The figure representing the time span between Abraham and Adam, of course, is not obtainable from secular history (nor should we expect it to be) since large portions of those records were destroyed in the Great Flood. But the figure is obtainable—via the biblical record. Allow me to explain.
First, few today would doubt the fact that from the present to Jesus has been approximately 2,000 years. [For our purpose here, it does not matter whether Christ is viewed as the Son of God since the discussion centers solely on the fact of His existence—something that secular history documents beyond doubt.] Second, in Luke 3 the learned physician provided a genealogy that encompassed 55 generations spanning the distance between Jesus and Abraham—a time frame that archaeology has shown covered roughly 2,000 years (see Kitchen and Douglas, 1982, p. 189). Third, Luke documents that between Abraham and Adam there were only twenty generations. Thus, the chart now looks like this:
|Present to Jesus||2,000 years|
|Jesus to Abraham||2,000 years (55 generations)|
|Abraham to Adam||? years (20 generations)|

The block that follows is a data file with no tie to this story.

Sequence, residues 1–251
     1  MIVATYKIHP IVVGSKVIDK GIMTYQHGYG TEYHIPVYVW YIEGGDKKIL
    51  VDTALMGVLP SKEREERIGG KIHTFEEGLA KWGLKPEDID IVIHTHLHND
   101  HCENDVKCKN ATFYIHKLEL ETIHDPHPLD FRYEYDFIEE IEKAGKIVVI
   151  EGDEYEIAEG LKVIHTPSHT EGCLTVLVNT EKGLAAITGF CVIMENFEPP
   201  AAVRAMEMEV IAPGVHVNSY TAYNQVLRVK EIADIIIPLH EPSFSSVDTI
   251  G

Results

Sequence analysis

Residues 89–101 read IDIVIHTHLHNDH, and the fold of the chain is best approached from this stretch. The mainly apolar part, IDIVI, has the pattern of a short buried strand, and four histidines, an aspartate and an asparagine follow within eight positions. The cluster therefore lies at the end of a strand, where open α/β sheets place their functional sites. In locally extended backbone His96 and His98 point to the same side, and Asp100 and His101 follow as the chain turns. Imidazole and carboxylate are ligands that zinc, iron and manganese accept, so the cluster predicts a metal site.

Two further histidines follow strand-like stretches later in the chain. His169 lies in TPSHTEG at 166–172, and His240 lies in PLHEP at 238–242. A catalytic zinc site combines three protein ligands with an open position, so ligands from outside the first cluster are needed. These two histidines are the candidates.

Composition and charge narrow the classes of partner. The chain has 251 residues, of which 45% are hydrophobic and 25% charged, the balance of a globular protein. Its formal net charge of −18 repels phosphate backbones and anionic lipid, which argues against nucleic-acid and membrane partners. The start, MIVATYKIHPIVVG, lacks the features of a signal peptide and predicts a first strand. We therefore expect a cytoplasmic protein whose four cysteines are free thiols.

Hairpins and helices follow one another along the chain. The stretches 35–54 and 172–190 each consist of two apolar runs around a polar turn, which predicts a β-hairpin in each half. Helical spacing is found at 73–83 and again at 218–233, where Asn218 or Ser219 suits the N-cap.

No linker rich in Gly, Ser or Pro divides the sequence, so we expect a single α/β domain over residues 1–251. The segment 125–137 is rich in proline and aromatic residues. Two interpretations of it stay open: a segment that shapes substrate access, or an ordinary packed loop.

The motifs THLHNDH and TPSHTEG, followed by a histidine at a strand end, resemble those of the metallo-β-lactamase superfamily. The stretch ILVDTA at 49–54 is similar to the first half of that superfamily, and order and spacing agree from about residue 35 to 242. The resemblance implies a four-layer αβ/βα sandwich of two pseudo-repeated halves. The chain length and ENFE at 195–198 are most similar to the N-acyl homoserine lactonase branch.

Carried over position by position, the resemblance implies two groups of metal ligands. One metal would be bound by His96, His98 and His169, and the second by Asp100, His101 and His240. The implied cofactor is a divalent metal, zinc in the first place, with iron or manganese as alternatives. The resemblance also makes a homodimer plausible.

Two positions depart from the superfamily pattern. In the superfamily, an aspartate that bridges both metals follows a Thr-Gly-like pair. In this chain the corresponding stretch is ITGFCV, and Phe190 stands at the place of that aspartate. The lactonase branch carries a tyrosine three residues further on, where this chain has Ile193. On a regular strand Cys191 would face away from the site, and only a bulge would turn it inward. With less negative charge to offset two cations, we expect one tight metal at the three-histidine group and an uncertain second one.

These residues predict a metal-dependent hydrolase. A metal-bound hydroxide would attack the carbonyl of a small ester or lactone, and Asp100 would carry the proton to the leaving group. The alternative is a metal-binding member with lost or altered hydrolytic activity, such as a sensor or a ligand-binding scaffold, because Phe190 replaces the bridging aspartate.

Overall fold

Since Genesis 5 provides the ages of the fathers at the time of the births of the sons between Abraham and Adam (thus providing chronological data), it becomes a simple matter to determine the approximate number of years involved. In round numbers, that figure is 2,000 (see Arthur, 1999, p. 113) The chart then appears as follows.
|Present to Jesus||2,000 years|
|Jesus to Abraham||2,000 years (55 generations)|
|Abraham to Adam||2,000 years (20 generations)|
[The fact that 55 generations between Jesus and Abraham cover 2,000 years, while only 20 generations between Abraham and Adam cover the same 2,000 years, can be accounted for, of course, on the basis of the vast ages to which the patriarchs lived. See Thompson, 1995, pp. 265-275.]